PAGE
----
This morning, scientists from the Laser Interferometer Gravity Observatory announced that LIGO had detected gravitational waves from the collision of two black holes, an event so cataclysmic that it converted the mass of three solar systems into pure energy in about a tenth of a second.

Scientists have been trying to figure out how to “listen” to gravitational waves—and to prove their existence—ever since Einstein predicted them in 1915. But until September 14, 2015, when the colliding black-hole event was first detected, this was beyond our technical abilities. In the words of Scott Hughes, “Gravity is a weak force. Measuring these things is bloody hard.”

Hughes is a theoretical physicist at MIT who has been contemplating LIGO since its inception in 1992. He has struggled with a question at the heart of the observatory program: Once we do hear gravitational waves, how will we know where they come from? How can we use them to explore the mysteries of the cosmos? To this end, Hughes has modeled the “sounds” of a host of astrophysical events, including colliding black holes. (You can listen to his impressions of these sounds below.)

“LIGO acts a whole lot more like an ear than an eye,” Hughes explained this week in a colleague’s office in the physics department at MIT. (Although the discovery was by then an open secret among the 900 LIGO collaborators and their peers, the meeting took place behind closed doors and on condition of embargo.) Here’s what he means.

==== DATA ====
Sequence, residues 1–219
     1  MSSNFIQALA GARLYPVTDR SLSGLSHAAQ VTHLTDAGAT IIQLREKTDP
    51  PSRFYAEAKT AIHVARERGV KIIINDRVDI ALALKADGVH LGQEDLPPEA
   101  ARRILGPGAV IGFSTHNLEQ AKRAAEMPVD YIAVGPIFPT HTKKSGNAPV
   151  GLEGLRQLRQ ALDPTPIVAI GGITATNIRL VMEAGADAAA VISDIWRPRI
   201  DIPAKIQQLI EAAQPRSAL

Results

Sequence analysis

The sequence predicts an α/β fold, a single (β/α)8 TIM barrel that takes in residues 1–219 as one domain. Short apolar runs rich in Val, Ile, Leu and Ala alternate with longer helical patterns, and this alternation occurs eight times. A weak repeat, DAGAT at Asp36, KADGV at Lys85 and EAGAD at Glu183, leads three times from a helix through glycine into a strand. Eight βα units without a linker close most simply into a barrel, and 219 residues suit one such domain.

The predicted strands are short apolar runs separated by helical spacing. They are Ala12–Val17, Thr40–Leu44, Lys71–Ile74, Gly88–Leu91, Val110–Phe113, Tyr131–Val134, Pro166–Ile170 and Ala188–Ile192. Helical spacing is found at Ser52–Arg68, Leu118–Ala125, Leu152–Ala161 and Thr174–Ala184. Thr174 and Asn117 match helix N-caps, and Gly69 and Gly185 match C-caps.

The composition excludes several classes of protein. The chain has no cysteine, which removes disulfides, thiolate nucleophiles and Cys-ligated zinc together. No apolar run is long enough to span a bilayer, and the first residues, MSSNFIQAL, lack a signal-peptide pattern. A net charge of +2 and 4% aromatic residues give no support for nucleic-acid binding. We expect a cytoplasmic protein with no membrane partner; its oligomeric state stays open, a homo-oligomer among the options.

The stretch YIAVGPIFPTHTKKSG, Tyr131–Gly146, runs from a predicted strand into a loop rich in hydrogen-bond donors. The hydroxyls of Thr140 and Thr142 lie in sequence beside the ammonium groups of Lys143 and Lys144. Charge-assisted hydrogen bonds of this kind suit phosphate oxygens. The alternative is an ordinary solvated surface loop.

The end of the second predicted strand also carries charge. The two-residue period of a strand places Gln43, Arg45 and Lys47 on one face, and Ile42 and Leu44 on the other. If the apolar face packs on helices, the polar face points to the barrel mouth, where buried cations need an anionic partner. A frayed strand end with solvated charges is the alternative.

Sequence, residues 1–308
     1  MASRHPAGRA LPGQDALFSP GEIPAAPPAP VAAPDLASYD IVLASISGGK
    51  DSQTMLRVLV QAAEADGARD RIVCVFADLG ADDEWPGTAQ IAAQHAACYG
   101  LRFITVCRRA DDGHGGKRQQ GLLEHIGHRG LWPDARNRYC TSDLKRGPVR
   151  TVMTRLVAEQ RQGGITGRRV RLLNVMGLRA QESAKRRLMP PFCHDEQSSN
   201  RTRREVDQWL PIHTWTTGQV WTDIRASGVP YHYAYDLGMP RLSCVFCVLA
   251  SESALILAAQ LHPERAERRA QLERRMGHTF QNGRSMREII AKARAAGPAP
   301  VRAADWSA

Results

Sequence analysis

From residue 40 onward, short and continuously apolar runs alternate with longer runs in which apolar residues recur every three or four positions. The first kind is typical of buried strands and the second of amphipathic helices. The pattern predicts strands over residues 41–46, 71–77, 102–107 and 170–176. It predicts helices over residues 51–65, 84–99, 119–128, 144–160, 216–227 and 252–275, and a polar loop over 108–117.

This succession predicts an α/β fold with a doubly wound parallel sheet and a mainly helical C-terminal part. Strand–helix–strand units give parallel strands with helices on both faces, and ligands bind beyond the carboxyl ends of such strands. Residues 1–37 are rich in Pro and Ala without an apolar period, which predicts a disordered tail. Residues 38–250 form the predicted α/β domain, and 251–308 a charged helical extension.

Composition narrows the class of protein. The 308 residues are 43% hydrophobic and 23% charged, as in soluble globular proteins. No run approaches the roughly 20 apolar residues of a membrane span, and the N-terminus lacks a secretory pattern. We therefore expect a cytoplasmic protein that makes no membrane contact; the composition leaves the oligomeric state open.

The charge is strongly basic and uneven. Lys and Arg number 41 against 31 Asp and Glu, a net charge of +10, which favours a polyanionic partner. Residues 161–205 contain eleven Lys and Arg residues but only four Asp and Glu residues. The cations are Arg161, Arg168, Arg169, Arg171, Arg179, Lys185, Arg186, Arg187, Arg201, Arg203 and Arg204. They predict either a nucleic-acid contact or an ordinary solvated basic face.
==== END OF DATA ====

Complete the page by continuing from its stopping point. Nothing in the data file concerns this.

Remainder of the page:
The sound waves that come out of your mouth when you speak are about as long in wavelength as you are tall. That makes locating you from your voice, much less figuring out your detailed shape, pretty challenging. Instead we use features like the tone, pitch, and rhythm of voices to make sense of social scenes around us (that’s Alice talking; now that’s Bob interrupting; silly Bob).

On astrophysical scales, the same is true of gravitational waves. By listening for changes in the amplitude and frequency of gravitational waves, scientists like Hughes can literally hear the story the waves are telling. “I like to think of it in a linguistic way,” said Hughes. “The vocabulary of the [event] is imprinted on the wave.”

For example, in the simplest kinds of collisions of two black holes, the sound you hear is a simple chirp; if the black holes are spinning rapidly, however, you get a warble on top. Hughes cautions that scientists are only just learning to understand this new language—the warbling that codes for spin could be inaudible if both black holes spin the same way. “There are homonyms,” he said, laughing. “Two sources can say different things but sound exactly the same.”

Which is one reason LIGO uses multiple detectors around the world to listen to these elusive waves. “It’s like listening to music. You might have the bass in the left channel, the snares in the right,” he said.

What this music will reveal is a set of stories about the universe that can only be heard in the language of gravitational waves; stories that would otherwise be lost in the cosmic noise of the Big Bang. That's the lasting importance of LIGO.

Listen below for Hughes’ moving account of what this discovery means to him personally and the astronomy community more generally—and the chirps and whizzes he has been investigating in his research.